. Just because a correlation exists. a correlation will never exclude the possibility that some unmeasured variable has a more direct impact on the response variable. no matter how compelling the data appears.PA S KO F F | 5 we must always keep in mind its limitations and not be deceived by “post hoc” logic.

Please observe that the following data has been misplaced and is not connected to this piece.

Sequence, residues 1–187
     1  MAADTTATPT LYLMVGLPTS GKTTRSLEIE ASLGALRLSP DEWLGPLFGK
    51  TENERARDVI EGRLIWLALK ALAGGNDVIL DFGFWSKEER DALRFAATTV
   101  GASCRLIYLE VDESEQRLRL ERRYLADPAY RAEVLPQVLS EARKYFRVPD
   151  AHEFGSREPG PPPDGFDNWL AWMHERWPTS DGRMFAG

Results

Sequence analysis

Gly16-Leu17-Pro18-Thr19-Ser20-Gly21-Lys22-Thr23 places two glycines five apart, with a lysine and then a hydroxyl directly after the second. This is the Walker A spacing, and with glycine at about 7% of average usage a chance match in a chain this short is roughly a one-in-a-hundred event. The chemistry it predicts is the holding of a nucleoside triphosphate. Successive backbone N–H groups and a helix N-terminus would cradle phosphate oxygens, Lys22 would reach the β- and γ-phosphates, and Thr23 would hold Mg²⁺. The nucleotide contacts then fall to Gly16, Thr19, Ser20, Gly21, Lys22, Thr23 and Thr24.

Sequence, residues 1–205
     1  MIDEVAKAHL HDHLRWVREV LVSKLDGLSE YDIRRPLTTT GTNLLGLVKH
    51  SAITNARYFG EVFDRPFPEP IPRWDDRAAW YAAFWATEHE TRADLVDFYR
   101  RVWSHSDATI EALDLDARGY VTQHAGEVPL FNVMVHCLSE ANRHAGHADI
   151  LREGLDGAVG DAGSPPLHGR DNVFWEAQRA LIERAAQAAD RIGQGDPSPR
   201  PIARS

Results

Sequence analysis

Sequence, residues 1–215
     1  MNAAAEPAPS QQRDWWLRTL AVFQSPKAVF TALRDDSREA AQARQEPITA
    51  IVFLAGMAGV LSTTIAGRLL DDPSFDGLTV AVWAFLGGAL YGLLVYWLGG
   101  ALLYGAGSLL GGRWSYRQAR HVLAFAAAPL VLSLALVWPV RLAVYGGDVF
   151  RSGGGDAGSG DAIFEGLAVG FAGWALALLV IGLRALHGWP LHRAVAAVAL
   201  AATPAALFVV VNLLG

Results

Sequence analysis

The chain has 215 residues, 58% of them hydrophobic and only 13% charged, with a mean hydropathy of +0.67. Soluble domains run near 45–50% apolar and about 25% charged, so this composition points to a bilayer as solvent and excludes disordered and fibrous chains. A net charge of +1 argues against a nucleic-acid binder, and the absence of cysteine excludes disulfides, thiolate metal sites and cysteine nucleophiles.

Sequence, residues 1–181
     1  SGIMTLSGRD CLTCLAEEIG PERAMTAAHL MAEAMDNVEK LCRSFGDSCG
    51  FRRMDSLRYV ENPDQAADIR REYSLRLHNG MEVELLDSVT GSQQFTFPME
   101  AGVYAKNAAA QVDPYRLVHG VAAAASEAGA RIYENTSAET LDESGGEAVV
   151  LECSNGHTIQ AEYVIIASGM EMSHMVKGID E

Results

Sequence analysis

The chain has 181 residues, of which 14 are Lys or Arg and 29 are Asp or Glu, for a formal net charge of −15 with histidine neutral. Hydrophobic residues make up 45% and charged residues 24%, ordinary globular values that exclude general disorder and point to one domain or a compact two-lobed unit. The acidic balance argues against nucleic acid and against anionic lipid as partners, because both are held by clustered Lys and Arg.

Web. 2009 National Youth Risk Behavior 6. Web. http://www. And Statistics.pdf 2. MinnPost. Joseph. Damned Lies. Huff. Web. Reason for Increase a Mystery. and Irving 3.webmd. Talty. Doheny.” 2009. 1954. "Autism: Cases on the 5. http://www.” The Center for Accountability in Science. Web. Susan. 2014. Darrell. How To Lie With ." WebMD. 2008. “Do GMO Foods Cause Autism? Read About The GMO Crops Autism Connection” The Liberty Beacon. Perrone. 2013. 28 Mar. Web. Perry. “Root Canals Cause Cancer! (And Other Spurious Correlations)”. Print.PA S KO F F | 6 Works Cited 1.cdc. http://www. http://www. “GMO’S And Autism: Lies.thelibertybeacon. Caryn. https://www. 2014. “Tobacco Use And Academic Achievement. Kathleen. New York: Norton.